Thursday, October 28, 2004

Tar baby: Oil sands and peak oil

As promised I'm going to discuss how new nonconventional sources of oil, particularly oil sands (also known as tar sands, hence my headline) fit into the arguments about peak world oil production. To understand this, you must first understand the idea of "net energy." The simplest way to explain it is that it takes energy to get energy. In other words, some energy has to be expended in the form of drilling, pumping, refining and transporting oil, for instance, before its energy can be used. The same is true of any energy resource. It follows that if there is no net energy from an energy resource, it is pointless to extract and refine it since this leads to a net loss of energy or at best, no net gain. (An energy source, such as oil, may be valuable for other things such as plastics or petrochemicals and therefore still be worth extracting for these purposes even if there is no net energy gain.)

As you might expect the earliest discoveries of oil and coal were the easiest to get and thus yielded the highest net energy. Before 1940 the net energy for oil was greater than 100 to 1, that is 100 units of energy yielded for every 1 unit expended. Since then it's declined to around 20 to 1 for current production and 8 to 1 for new discoveries. The same is true of coal though the ratios differ.

When oil optimists point to the Canadian oil sands and say there is more oil there than in all of the Middle East, what they don't tell you is this. First, as I mentioned in Do high oil prices foreshadow a deeper crisis?, no resource can ever be economically extracted at 100 percent rates. It's not unusual for oil fields to yield only 30 to 40 percent of their total oil before it costs more to extract the oil than it's worth. There's every reason to believe that extraction rates for the oil sands will be no better.

Second, it takes a lot of energy to separate the oil film from the sand. Lots of hot water is involved. That takes a lot of energy. Third, the water has to come from somewhere and pumping it takes energy. (The oily waste water is pumped into vast lagoons for disposal, but that is another issue.) Fourth, and very important, the product produced up to this point isn't conventional oil. The residue left from this process has to have hydrogen added to it before it becomes suitable for use. Where does the hydrogen come from? Much of it comes from natural gas another finite resource the supply of which may very well be peaking in North America and may peak worldwide sometime before 2050.

The bottom line: It takes something like the equivalent of two barrels of oil in energy to make three barrels of conventional oil from oil sands. The technology will surely improve. But, it is unlikely to ever move from 1.5 to 1 to the 20 to 1 ratios we're getting from old production. And, as the cost of all conventional energy sources rises, so will the cost of extracting oil from oil sands.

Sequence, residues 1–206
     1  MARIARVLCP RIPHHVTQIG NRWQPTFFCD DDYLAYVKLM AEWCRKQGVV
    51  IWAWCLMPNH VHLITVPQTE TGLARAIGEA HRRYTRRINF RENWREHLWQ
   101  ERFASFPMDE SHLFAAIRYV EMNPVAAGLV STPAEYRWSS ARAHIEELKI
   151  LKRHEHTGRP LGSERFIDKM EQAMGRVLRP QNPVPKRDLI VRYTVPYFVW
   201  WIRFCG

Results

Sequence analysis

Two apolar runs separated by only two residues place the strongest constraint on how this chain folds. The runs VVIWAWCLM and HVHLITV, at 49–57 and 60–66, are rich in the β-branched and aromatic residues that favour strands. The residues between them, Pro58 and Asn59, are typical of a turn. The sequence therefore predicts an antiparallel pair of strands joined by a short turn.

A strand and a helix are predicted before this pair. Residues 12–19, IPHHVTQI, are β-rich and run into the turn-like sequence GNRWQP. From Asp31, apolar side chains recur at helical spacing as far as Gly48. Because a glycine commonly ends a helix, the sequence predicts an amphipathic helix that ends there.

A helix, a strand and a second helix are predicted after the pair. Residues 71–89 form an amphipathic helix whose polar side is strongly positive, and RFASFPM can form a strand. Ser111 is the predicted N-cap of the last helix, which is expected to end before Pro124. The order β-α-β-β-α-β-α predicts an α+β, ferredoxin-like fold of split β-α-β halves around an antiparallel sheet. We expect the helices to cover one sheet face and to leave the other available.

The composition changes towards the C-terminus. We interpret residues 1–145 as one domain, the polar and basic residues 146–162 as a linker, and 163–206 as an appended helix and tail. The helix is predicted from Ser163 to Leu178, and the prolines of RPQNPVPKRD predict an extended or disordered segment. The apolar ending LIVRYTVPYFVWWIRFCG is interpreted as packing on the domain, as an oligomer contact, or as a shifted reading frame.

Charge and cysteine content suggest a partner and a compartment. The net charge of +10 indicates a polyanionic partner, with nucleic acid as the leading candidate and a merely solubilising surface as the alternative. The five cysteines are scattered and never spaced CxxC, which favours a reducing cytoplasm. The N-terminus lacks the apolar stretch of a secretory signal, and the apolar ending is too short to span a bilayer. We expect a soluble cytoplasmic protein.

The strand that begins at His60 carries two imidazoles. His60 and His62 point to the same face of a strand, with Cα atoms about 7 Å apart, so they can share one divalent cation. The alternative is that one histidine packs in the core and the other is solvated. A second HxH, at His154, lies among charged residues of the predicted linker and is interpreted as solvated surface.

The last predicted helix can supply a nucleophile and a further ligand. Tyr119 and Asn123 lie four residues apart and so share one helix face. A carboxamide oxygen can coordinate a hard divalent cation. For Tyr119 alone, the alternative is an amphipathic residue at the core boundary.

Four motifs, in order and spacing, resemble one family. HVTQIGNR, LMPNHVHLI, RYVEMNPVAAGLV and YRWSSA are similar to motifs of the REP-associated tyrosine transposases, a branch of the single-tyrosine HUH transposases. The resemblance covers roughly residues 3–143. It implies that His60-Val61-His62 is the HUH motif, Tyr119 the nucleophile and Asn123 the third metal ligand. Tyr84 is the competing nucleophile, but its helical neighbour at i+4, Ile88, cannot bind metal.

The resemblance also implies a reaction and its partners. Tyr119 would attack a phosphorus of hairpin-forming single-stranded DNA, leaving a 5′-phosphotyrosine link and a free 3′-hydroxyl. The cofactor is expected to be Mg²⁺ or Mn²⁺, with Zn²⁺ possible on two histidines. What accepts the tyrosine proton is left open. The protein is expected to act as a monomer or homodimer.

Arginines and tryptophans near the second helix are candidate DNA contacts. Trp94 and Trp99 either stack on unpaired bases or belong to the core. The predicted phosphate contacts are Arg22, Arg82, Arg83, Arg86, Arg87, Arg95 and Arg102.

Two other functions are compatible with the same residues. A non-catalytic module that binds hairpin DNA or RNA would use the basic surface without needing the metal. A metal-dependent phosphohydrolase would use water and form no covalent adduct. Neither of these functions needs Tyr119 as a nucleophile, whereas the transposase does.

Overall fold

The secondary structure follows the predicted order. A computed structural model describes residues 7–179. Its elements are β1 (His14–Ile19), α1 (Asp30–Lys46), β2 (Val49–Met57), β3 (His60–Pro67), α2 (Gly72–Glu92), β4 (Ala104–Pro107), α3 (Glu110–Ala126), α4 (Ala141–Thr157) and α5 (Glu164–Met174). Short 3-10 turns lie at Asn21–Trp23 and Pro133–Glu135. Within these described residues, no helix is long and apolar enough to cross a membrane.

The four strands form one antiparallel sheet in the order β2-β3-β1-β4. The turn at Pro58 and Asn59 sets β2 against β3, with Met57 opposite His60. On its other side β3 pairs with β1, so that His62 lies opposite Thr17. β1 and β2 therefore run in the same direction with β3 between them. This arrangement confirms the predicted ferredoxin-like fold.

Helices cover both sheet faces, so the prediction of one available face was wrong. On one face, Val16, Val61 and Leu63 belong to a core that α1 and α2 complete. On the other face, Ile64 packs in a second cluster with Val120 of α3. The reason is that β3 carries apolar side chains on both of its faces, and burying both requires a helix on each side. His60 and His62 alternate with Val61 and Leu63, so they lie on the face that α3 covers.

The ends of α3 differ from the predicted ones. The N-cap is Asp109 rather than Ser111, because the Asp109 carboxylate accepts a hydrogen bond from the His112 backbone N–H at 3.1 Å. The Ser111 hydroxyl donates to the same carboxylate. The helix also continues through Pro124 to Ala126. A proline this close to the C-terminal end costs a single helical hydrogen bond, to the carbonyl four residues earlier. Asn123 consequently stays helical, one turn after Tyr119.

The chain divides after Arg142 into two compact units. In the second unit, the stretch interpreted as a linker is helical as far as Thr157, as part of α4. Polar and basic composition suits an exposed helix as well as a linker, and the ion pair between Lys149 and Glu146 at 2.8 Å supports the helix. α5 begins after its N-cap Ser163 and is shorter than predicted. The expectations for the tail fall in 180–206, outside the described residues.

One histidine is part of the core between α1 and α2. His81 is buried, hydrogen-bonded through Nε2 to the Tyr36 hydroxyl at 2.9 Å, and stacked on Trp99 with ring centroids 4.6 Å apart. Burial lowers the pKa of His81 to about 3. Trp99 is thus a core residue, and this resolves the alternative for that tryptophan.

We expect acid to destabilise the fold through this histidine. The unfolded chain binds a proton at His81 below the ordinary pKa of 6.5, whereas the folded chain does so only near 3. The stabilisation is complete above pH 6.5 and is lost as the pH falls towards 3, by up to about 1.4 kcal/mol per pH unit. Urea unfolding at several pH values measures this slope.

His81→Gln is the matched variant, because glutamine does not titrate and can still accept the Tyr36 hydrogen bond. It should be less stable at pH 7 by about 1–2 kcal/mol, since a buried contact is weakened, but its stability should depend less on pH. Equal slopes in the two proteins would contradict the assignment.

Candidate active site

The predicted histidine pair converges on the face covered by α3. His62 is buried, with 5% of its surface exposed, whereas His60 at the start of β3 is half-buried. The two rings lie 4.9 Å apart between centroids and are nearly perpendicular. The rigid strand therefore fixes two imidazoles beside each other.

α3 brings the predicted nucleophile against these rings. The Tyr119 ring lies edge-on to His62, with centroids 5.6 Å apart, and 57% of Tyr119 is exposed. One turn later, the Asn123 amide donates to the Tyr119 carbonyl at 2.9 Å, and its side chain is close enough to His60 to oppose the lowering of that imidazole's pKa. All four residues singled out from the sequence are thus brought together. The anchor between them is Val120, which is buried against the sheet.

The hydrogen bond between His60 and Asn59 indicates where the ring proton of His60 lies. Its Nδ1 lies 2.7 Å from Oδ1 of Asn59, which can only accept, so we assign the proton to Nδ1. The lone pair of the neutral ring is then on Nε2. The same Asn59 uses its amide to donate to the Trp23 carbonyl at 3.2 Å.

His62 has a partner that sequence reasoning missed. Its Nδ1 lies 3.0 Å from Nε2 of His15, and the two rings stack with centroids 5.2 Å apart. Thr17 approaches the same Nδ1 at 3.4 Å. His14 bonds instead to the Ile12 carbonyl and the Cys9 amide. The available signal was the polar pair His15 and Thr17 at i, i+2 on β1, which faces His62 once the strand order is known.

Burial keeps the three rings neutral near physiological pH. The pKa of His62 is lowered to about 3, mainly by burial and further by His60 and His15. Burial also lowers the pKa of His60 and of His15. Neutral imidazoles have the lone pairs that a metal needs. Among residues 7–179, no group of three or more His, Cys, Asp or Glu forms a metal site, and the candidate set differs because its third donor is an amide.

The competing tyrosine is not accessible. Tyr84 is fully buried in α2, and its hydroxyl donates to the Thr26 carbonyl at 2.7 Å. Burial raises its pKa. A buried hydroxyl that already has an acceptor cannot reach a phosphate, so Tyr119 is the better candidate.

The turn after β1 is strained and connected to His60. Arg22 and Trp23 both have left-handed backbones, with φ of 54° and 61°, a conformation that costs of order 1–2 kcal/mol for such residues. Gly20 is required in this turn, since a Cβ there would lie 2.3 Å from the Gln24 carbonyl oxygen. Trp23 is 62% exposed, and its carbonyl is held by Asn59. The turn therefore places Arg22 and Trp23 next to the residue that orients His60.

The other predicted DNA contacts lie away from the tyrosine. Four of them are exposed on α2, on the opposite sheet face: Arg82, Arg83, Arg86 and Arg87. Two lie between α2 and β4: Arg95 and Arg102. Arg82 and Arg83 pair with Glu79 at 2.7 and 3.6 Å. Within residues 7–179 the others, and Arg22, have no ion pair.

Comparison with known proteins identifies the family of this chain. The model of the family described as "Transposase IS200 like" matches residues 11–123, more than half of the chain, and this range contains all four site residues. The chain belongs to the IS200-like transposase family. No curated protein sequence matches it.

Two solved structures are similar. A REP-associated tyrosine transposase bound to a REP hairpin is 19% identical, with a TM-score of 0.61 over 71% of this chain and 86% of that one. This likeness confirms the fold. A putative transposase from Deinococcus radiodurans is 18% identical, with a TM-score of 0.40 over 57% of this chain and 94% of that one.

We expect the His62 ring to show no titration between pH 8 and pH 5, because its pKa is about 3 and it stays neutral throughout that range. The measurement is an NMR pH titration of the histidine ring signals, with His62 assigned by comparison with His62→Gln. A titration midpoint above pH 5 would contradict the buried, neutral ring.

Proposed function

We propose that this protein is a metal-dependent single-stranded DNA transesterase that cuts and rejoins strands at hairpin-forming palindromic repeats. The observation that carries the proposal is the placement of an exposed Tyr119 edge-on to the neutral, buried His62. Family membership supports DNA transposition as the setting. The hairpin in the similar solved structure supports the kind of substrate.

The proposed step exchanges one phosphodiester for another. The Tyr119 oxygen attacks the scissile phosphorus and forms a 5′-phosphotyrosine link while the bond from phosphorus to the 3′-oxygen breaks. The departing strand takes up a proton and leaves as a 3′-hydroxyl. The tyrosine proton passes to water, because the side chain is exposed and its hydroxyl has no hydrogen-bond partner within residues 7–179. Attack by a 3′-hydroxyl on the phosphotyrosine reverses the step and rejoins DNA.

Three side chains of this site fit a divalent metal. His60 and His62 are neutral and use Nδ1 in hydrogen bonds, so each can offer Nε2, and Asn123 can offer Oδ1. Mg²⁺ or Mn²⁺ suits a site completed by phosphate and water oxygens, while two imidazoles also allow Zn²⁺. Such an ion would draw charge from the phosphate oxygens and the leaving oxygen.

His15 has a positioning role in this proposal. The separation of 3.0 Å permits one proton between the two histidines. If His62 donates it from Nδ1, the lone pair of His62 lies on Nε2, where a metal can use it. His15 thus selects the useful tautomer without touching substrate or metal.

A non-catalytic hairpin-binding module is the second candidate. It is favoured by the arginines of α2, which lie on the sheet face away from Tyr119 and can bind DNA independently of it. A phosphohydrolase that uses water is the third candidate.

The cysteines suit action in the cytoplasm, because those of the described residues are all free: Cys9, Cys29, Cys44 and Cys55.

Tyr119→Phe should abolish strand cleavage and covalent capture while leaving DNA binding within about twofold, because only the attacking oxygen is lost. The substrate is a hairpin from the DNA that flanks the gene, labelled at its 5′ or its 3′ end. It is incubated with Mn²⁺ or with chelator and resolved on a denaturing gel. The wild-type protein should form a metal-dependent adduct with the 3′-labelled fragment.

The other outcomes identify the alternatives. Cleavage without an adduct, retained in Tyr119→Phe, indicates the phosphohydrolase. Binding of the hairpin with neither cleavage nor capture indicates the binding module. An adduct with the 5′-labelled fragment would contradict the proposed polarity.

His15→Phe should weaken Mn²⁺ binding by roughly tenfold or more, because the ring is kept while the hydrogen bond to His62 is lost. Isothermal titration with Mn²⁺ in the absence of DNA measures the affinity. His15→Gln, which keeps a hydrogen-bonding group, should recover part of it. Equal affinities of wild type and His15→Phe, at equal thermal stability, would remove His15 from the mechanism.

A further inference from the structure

This doesn't mean that oil from oil sands won't be useful. Many who say a peak in world oil production is imminent believe that such sources of oil will prevent an abrupt falloff of production on the other side of the peak. But, oil sands and other nonconventional sources of oil will probably not do anything to delay the peak if it is nearby, say, within the next 10 to 15 years.

For a good discussion of this topic and the entire peak oil issue, I recommend Richard Heinberg's "The Party's Over." It's the clearest account I've read to date.

[In my next post on this topic I'll discuss why the so-called "cornucopian" economists who believe the marketplace will take care of our energy challenges may be drastically miscalculating.]

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1 comment:

Anonymous said...

Here's a link to a web site that discusses issues surrounding energy economics.

When an energy source that has an EROEI ratio of 4:1 is replaced with another, alternative, energy source which has an EROEI ratio of 2:1, twice as much gross energy has to be produced in order to reap the same net quantity of resulting usable energy.

This can be worse than it looks. Consider that I inherited one barrel of oil, and the EROEI was 4:1. I could use my one barrel and end up with four barrels. Now consider that the EROEI was 2:1, and I still wanted four barrels. Well, I can use my one barrel to extract two barrels, then I have to use those two barrels to extract the four barrels that I want. Thus with an EROEI of 2:1, it has cost me three barrels to gain four; whereas with an EROEI of 4:1, it only cost me one barrel.

This means that when a society moves to using energy sources that have lower EROEIs, the actual amount of energy available to use (for manufacturing, transport, heating etc.) inevitably will diminish.

Above quote from